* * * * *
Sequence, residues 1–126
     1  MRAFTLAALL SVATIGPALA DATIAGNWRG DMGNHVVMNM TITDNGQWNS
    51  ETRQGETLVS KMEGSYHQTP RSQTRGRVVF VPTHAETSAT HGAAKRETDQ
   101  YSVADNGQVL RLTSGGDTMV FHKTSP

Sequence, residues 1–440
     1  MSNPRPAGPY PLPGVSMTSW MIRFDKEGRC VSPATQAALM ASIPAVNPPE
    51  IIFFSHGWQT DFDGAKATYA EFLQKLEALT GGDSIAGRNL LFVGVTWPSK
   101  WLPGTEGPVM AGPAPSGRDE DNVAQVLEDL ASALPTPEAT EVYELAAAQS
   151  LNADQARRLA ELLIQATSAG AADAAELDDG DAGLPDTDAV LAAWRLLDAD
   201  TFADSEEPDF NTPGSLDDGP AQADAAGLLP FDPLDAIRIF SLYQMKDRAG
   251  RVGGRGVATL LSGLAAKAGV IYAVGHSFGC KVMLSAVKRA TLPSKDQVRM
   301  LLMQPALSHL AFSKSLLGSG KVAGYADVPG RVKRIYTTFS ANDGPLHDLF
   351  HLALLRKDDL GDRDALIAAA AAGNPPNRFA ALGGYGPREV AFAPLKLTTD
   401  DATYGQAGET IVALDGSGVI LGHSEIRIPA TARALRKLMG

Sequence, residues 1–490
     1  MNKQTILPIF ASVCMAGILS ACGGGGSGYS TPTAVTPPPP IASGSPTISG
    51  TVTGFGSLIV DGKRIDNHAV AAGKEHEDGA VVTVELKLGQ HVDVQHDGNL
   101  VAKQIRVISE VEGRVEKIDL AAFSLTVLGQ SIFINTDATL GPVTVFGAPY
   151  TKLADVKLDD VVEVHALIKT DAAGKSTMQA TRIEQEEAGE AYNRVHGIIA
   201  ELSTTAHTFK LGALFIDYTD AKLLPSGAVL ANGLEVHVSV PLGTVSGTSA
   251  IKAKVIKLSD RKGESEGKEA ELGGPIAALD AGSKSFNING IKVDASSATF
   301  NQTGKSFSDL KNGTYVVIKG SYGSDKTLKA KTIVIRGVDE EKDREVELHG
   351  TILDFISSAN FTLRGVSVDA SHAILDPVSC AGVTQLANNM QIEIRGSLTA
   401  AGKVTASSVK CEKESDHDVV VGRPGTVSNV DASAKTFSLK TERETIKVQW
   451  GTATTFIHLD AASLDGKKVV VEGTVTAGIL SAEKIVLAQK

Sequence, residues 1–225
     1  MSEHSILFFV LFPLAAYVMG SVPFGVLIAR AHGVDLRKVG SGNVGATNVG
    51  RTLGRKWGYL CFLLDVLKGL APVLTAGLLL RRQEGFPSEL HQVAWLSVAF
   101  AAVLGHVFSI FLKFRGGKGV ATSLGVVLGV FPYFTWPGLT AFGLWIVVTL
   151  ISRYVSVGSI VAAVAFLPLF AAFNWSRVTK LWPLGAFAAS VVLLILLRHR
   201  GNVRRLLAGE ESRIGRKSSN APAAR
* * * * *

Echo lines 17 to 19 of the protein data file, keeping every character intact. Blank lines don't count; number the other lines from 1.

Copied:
    51  TVTGFGSLIV DGKRIDNHAV AAGKEHEDGA VVTVELKLGQ HVDVQHDGNL
   101  VAKQIRVISE VEGRVEKIDL AAFSLTVLGQ SIFINTDATL GPVTVFGAPY
   151  TKLADVKLDD VVEVHALIKT DAAGKSTMQA TRIEQEEAGE AYNRVHGIIA